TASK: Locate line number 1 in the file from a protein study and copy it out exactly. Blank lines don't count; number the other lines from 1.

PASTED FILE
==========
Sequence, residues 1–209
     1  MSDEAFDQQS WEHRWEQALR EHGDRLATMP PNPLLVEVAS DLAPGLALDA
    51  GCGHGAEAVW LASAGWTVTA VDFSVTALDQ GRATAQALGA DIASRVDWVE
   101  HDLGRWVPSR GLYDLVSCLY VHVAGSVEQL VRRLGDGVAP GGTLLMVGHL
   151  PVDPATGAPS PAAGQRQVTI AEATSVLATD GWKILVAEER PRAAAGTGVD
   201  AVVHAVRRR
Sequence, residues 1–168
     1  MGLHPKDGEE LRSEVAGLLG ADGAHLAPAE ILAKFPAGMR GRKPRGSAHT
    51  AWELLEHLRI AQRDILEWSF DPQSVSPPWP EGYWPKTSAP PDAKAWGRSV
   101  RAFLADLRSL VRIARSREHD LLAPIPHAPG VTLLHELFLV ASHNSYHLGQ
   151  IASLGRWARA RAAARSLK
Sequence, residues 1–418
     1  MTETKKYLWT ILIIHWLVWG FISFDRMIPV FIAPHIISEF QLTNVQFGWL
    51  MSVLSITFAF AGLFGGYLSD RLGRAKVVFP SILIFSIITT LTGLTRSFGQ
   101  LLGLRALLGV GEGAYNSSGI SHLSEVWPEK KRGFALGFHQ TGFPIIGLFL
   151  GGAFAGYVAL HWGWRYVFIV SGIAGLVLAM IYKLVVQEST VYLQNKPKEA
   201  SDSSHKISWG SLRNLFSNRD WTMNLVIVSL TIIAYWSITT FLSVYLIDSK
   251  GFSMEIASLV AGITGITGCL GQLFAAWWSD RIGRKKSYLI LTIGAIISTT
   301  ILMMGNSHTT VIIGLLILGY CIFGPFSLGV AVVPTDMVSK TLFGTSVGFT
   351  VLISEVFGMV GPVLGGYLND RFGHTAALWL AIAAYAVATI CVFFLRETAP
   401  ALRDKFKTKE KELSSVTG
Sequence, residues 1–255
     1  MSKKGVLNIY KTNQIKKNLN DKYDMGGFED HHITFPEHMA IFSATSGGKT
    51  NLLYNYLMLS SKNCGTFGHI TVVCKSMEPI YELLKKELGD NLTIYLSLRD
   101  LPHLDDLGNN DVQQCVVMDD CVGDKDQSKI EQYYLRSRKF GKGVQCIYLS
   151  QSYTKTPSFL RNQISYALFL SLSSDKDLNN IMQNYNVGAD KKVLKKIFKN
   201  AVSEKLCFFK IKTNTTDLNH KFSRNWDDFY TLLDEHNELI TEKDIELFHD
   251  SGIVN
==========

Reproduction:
Sequence, residues 1–209